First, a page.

So what happens if a St John member or a workplace first aid officer, both lawfully in possession if nitrous oxide and/or methoxyflurane come across a car accident and wish to administer the relevant drug to ‘a patient in significant pain’.  On one view they would be in breach of the regulation as the administration is not related to their duty at work or ‘in accordance with an agreement by St John Ambulance to provide its services at a particular event or location’.

I can’t for a moment believe anyone would accept that.  This discussion has occurred in previous contexts about doctors, paramedics and nurses using their skills away from work.  In this context there is a person who needs pain relief, another person trained to administer pain relief with the necessary drugs to hand.  In terms of providing care one has to act in the best interests of the patient.  If one failed to do so for fear of some technical breach of these regulations that would not be acting in good faith.  I’m sure a judge would be able to find that it was an implied term of one’s employment as a first aid officer who was required to travel, or an implied term of the agreement to provide first aid services, that the member will stop whilst proceeding to the duty or the workplace to provide first aid if required.

Equally there is a doctrine of necessity.  I have talked about that previously in relation to the treatment of those that cannot give consent but it is a defence of broader application.  In Pommell v R [1995] EWCA Crim 7 the Court of Appeal of England and Wales (Criminal Division) said:

… the argument that a person ought to be permitted to breach the letter of the criminal law in order to prevent a greater evil befalling himself or others has long been recognised (see, for example, Stephen’s Digest of Criminal Law)…

The court accepted that the defence ‘… appears to be general, applying to all crimes except murder, attempted murder and some forms of treason’.  The elements of the defence, according to Australia’s High Court in R v Rogers (1996) 86 A Crim R 542 are:

  1. ‘the seriousness of the evil which the appellant claimed to be seeking to avoid’;
  2. ‘the immediacy or imminence of the peril’; and
  3. ‘the proportionality or reasonableness of the response’.

In the circumstances described there is a patient in ‘significant pain’.   Presumably pain itself is not life threatening but pain relief can go a long way to mitigating a patient’s condition.  The immediacy of the peril (the pain) is obvious.  The issue of proportionality involves a potential breach of a poisons regulation by a person trained and equipped to administer appropriate pain relief but who might be in breach because they are not at work or on duty.   I don’t think any judge would have any difficulty finding the decision to administer the drug was reasonable and proportional.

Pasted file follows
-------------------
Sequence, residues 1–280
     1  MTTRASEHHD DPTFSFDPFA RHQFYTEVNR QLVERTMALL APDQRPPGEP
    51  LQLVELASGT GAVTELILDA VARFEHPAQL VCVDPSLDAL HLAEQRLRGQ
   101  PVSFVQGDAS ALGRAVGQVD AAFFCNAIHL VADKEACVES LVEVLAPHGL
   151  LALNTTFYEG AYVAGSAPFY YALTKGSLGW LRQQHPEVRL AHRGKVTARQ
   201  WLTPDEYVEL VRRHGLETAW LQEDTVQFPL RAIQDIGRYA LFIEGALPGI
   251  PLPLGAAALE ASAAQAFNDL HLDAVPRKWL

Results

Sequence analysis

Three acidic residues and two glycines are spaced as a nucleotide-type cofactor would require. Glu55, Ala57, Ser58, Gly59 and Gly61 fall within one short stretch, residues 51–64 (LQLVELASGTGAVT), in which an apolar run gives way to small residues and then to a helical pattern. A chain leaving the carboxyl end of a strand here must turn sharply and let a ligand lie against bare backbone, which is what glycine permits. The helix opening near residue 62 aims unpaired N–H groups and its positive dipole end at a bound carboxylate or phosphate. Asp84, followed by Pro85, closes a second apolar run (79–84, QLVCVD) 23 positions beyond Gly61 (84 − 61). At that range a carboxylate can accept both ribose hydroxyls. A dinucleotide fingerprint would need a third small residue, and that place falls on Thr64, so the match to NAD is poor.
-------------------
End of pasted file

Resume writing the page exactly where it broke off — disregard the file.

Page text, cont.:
In terms of negligence law, it could not be negligent for a work place first aider, a St John member or ski patrol member not to have the drugs with them when they are not at work or on duty.  With respect to workplace first aiders that restriction can be implied, for the others it is explicit. In my view, however, it could be negligent if one does have the drugs not to use them in circumstances where there use is warranted.   That’s not to say it would be; but it could be.  There would be an issue that failure to administer pain relief would not make the persons condition worse; it may not make it better but it would not make it worse and that is fundamentally what the duty of care requires.

Conclusion

My conclusions are:

  • There is no criteria which would exclude any workplace from being authorised to possess, and supply methoxyflurane or nitrous oxide.
  • There does appear to be some limitations on when the qualified person can possess and use these drugs.
    1. For an employee the provision is limited to the use of the drugs in relation to their duties at work. This limitation is not set out in the Act but is implied by the terms of the Act.
    2. For a member of the St John Ambulance or relevant ski patrol, they should only be in possession of the drugs when on duty or travelling to and from the duty.
  • There is nothing to stop ‘a sports club first aid officer travelling to an away game’ or an appropriately qualified St John or Ski Patrol member stopping at a roadside vehicle crash and administering methoxyflurane or nitrous oxide to a patient in significant pain’. Such an action should be permitted and encouraged because if the person has the training, and has the drugs at hand, they should be delivered to a person who needs them.   Anything less would be unethical and possibly negligent.